Healthy Teeth Can Mean a Healthy Body
Need a good reason to pay better attention to your mouth? Untreated gum disease can lead to problems with your heart and blood vessels. Some experts believe gum disease causes inflammation, which can contribute to clogged arteries. And a study funded by the National Institute of Dental and Craniofacial Research found that in 657 older adults with certain bacteria in their mouths that cause periodontal (gum) disease, they also had thickened carotid arteries. This was a strong predictor for heart disease and stroke. Two hundred million Americans have some form of gum disease.
The chronic inflammation of gum disease may also affect your cholesterol levels. A recent study in the Southern Medical Journal revealed that treatment for gum disease significantly lowered patients’ cholesterol levels. In contrast, a pregnant woman with untreated gum disease is more likely to deliver her baby prematurely.
Fortunately, you can keep your mouth healthy by reducing plaque, the culprit in both cavities and gum disease. This sticky film of bacteria coats your teeth. Here’s how to attack plaque:
Limit snacks between meals, especially sugary or starchy ones.
If you smoke, quit the habit.
Gently brush your teeth at least twice a day, with special attention to the gum line.
Floss once a day.
Visit your dentist regularly.
Gently push your toothbrush back and forth, covering the outsides and insides of your teeth, as well as the chewing surfaces. Then brush your tongue to remove bacteria and freshen your breath. After brushing, rinse your toothbrush and store it upright. Buy a new brush every three or four months or sooner if the bristles look worn.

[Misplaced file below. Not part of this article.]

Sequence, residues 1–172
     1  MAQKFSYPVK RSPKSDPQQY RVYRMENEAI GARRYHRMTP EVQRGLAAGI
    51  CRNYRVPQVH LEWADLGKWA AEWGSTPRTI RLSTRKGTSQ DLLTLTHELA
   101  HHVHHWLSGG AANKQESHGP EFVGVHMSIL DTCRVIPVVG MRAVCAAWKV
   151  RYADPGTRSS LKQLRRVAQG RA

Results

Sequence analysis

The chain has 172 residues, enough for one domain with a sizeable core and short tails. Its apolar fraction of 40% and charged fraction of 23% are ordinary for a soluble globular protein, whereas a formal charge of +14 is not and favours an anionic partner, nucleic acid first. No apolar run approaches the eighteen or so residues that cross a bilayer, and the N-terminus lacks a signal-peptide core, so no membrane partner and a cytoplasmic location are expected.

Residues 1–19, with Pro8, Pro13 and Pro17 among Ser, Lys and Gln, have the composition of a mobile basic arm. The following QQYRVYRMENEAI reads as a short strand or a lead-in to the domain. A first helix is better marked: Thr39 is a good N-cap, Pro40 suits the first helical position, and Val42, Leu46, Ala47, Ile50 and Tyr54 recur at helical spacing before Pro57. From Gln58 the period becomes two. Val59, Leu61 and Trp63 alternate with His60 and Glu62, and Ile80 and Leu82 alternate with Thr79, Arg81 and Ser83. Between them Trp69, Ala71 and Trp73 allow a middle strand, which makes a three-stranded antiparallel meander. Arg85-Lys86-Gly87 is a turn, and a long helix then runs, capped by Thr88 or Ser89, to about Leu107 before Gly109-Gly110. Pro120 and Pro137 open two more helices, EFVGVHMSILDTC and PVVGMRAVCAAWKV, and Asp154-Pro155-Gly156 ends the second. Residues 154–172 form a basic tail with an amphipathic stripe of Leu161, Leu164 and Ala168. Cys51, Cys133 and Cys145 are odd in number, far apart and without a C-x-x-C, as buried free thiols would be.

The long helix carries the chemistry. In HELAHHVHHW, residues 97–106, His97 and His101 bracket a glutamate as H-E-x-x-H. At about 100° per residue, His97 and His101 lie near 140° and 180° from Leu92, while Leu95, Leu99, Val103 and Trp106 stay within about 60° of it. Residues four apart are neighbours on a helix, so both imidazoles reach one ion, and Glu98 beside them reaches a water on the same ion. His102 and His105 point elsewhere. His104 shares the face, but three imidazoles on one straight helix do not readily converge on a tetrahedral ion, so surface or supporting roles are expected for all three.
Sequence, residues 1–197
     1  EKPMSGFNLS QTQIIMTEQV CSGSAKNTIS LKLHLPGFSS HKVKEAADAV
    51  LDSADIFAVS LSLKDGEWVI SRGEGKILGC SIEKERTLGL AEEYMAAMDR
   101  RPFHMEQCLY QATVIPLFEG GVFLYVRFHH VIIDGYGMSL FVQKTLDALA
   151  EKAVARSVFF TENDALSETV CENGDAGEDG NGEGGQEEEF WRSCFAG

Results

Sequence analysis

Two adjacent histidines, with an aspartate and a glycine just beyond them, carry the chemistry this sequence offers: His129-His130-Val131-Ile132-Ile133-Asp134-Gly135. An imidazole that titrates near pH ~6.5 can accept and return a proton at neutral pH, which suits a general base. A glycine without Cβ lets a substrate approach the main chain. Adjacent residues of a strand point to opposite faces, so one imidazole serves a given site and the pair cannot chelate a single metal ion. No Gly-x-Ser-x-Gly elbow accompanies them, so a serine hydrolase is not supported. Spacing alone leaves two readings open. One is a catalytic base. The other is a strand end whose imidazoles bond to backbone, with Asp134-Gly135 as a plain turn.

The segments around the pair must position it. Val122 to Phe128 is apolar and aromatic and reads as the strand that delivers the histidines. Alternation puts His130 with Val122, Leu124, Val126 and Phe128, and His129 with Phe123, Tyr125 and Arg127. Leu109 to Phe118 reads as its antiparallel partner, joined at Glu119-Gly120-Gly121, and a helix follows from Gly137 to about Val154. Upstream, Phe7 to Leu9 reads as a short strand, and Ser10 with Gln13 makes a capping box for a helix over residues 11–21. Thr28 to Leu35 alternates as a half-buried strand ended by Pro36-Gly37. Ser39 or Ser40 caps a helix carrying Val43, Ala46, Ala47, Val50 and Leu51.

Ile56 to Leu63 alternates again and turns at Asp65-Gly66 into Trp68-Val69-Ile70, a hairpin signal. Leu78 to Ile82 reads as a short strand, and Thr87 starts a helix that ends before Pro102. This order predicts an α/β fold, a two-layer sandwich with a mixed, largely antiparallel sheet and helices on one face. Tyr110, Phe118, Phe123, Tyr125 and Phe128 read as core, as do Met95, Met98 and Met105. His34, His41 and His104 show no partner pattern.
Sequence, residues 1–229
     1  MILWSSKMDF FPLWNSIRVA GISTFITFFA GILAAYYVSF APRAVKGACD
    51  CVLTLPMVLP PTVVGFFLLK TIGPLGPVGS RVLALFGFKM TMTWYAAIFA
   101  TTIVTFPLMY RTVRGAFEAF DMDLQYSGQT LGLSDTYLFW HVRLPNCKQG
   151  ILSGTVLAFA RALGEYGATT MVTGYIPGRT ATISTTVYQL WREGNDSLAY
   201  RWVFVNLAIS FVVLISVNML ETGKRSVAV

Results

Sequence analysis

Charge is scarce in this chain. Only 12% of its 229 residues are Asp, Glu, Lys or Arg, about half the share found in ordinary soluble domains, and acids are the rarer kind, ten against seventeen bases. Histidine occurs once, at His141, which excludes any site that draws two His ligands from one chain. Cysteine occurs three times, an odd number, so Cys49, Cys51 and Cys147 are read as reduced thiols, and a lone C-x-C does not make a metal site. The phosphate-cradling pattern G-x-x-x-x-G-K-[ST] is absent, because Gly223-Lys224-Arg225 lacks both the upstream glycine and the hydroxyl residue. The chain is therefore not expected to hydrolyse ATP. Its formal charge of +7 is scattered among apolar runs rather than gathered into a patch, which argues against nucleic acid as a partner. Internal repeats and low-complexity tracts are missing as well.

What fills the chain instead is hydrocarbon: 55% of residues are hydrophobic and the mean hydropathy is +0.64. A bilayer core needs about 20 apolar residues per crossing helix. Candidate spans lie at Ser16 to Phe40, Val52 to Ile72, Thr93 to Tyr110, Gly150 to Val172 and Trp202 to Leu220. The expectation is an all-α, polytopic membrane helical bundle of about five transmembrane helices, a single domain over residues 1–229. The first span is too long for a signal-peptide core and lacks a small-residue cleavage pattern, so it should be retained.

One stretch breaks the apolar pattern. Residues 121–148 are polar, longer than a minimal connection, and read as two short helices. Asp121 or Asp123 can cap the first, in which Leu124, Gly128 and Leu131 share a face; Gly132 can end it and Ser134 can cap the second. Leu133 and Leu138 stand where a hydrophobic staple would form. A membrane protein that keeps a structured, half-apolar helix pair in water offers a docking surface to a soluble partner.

Using a length of about 18 inches of floss, wind it around one of your middle fingers, and wind the rest around the middle finger of your other hand. You’ll spool the used floss onto this finger as you go.
Now, holding the floss tightly between your thumbs and index fingers, gently guide it between your teeth. At the gum line, curve the floss into a C shape tightly against one tooth. Gently move the floss up and down away from the gum. Be sure to tell your dentist if brushing or flossing hurts or makes your gums bleed.
“Gum Disease.” Mouth Healthy, American Dental Association. http://www.mouthhealthy.org/en/az-topics/g/gum-disease. Accessed 2013.
“How to Brush.” American Dental Association. http://www.ada.org/sections/publicResources/pdfs/watch_materials_brush.pdf. Accessed 2013.
“ADA Statement on Toothbrush Care: Cleaning, Storing, and Replacing.” American Dental Association, November 2005. www.ada.org/1887.aspx. Accessed 2013.
“Brushing Your Teeth.” Mouth Healthy, American Dental Association. http://www.mouthhealthy.org/en/az-topics/b/brushing-your-teeth. Accessed 2013.
"Flossing.” Mouth Healthy, American Dental Association. http://www.mouthhealthy.org/en/az-topics/f/flossing. Accessed 2013.
“American Dental Association Stresses Good Oral Health During Pregnancy.” American Dental Association, May 1, 2008. www.ada.org/3322.aspx. Accessed 2013.
“Frequently Asked Questions.” American Academy of Pediatric Dentistry. http://www.mychildrensteeth.org/education/faq/. Accessed 2013.
“Gum Disease and Heart Disease.” American Academy of Periodontology. http://www.perio.org/consumer/heart_disease. Accessed 2013.
“Study Finds Direct Association Between Cardiovascular Disease and Periodontal Bacteria.” February 7, 2005. National Institute of Dental and Craniofacial Research. www.nidcr.nih.gov/Research/ResearchResults/NewsReleases/ArchivedNewsReleases/NRY2005/PR02072005.htm. Accessed 2013.
“Beneficial Effects of Periodontal Treatment on Metabolic Control of Hypercholesterolemia.” Southern Medical Journal. July 2007, vol. 100, no. 7,
pp. 686–91. Abstract: http://journals.lww.com/smajournalonline/Abstract/2007/07000/Beneficial_Effects_of_Periodontal_Treatment_on.8.aspx. Accessed 2013.